The economy would have likely slipped into a recession in the first quarter of 2018 if it wasn’t for the tax cuts. The tax cuts added $150 billion to the money supply upon passage and the growth rate of Commercial and Industrial lending immediately began to accelerate.
By March 2018 the Fed hiked rates once again and continued unwinding their balance sheet. As of April 2018, the Fed had destroyed a total of $180 billion in 2018 alone, thus negating the entire benefit of the tax cut in a four-month period. After peaking at a 3.5% growth rate in April 2018, Commercial and Industrial lending has once again begun to decelerate.
It is important to understand the Fed decelerated Commercial and Industrial lending from a 13% growth rate to nearly zero by removing $210 billion from the money supply. The Fed has suggested they will hike the Federal Funds rate three more times by year-end and continue unwinding their balance sheet, which will remove $390 billion from the money supply. In a matter of months, the deceleration in Commercial and Industrial lending should turn into a contraction in lending.
Every time Commercial and Industrial lending has contracted, there has been a recession. Banks create money when they lend out more than they receive back in payments. When banks receive more money than they lend, money is destroyed. Based on the Fed’s desire to increase the Federal Funds rate and unwind their balance sheet, I predict they are going to cause Commercial and Industrial lending to contract in a matter of a few months. This is significant because I have said the tax cut delayed the onset of the next recession, which the numbers now validate.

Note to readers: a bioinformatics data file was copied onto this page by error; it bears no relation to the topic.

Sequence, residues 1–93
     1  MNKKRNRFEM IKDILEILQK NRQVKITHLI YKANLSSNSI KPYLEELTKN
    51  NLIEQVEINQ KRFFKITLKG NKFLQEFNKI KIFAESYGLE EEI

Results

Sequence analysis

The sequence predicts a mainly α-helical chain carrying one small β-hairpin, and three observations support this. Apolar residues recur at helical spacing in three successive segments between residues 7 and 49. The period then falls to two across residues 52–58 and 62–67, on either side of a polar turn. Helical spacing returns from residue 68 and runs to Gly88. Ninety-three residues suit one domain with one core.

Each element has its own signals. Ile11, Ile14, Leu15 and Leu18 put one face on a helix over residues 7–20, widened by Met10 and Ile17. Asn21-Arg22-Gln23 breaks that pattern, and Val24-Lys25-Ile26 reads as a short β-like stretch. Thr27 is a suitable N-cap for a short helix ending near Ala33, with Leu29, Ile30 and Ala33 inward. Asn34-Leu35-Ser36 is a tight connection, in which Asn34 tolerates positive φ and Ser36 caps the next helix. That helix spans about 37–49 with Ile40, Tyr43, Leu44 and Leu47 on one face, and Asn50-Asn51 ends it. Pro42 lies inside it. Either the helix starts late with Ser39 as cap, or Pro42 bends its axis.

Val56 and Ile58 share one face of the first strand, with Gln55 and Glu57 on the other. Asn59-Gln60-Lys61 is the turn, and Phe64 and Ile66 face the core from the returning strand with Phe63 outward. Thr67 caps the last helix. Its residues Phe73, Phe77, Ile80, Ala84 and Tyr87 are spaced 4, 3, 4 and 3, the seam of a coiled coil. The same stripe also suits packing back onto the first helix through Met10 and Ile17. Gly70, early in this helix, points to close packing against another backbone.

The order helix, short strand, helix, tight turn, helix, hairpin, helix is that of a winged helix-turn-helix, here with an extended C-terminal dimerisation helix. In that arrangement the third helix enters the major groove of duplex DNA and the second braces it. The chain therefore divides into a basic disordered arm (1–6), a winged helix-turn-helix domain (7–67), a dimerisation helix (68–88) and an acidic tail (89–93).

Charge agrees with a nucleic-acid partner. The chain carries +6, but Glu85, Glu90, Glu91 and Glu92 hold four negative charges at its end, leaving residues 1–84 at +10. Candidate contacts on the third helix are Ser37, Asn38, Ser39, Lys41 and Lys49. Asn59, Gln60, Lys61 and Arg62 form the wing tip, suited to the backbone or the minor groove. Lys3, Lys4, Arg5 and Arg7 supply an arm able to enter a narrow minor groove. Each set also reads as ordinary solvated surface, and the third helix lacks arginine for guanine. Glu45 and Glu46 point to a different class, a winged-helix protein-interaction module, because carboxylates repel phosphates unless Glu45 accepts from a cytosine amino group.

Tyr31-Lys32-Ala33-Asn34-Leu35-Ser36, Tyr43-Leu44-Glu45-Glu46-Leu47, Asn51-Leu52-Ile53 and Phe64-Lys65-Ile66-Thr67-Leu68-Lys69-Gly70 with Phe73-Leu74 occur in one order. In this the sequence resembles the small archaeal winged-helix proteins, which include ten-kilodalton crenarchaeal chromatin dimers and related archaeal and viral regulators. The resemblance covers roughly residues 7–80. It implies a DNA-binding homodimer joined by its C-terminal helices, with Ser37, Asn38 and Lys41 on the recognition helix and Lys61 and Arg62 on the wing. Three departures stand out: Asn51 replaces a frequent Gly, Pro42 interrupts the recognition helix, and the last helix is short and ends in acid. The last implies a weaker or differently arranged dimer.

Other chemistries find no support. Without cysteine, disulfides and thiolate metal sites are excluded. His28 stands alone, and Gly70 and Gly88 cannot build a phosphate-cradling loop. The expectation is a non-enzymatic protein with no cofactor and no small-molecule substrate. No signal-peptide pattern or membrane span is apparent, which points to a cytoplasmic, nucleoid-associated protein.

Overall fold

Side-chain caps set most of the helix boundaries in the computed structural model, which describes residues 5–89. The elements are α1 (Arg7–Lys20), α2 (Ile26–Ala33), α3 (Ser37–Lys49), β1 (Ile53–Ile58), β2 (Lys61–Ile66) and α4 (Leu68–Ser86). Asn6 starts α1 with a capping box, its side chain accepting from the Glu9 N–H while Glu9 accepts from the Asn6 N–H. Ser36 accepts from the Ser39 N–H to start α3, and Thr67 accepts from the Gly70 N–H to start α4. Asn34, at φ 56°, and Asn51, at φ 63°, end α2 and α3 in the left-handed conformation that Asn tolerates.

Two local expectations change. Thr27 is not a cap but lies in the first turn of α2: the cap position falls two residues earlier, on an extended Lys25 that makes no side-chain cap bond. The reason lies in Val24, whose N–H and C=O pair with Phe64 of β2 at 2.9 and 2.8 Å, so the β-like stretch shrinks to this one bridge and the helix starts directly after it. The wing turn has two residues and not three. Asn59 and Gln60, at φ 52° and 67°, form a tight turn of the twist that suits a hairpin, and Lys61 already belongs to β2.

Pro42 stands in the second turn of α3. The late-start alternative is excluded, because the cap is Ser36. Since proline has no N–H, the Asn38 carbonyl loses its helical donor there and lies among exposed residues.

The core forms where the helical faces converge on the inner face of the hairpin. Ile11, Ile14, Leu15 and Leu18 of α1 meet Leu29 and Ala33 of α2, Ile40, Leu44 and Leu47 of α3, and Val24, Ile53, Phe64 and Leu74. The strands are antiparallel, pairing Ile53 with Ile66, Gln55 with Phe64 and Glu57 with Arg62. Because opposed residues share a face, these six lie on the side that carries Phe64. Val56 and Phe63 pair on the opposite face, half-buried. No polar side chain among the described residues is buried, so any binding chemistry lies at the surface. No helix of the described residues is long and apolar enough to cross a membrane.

Investors have been dumping bonds and shorting bonds this past year which are driving interest rates higher. Interest rates are determined by supply and demand, along with loose and tight monetary conditions. When bank lending is decelerating, interest rates should fall. Charting 10-year Treasury yields against Commercial and Industrial loan growth shows yields falling as loan growth decelerates and yields collapsing when loan growth contracts. Given the Fed is tightening the money supply and Commercial and Industrial lending growth has been decelerating since 2014, interest rates should be much lower than they are today.
Most retail investors and money managers are positioned for an inflationary boom. For their positions to pay off, bank lending needs to accelerate, the money supply needs to accelerate, and consumer prices need to continue rising. But the economic data suggests something completely different is going to happen due to the actions of the Federal Reserve.
The more likely outcome is a deflationary bust. In the case of a deflationary bust, investors will want to own long-term U.S. Treasury bonds, agricultural commodities, the U.S. Dollar and gold. Gold tends to perform best during periods of inflation but can be a hedge against future money printing during times of financial crises. Based on the economic data and the Fed’s plans, most investors are mispositioned for what is coming by year-end.
Q&A with Steve – Your Questions Answered
- What happened to the stock market on Monday?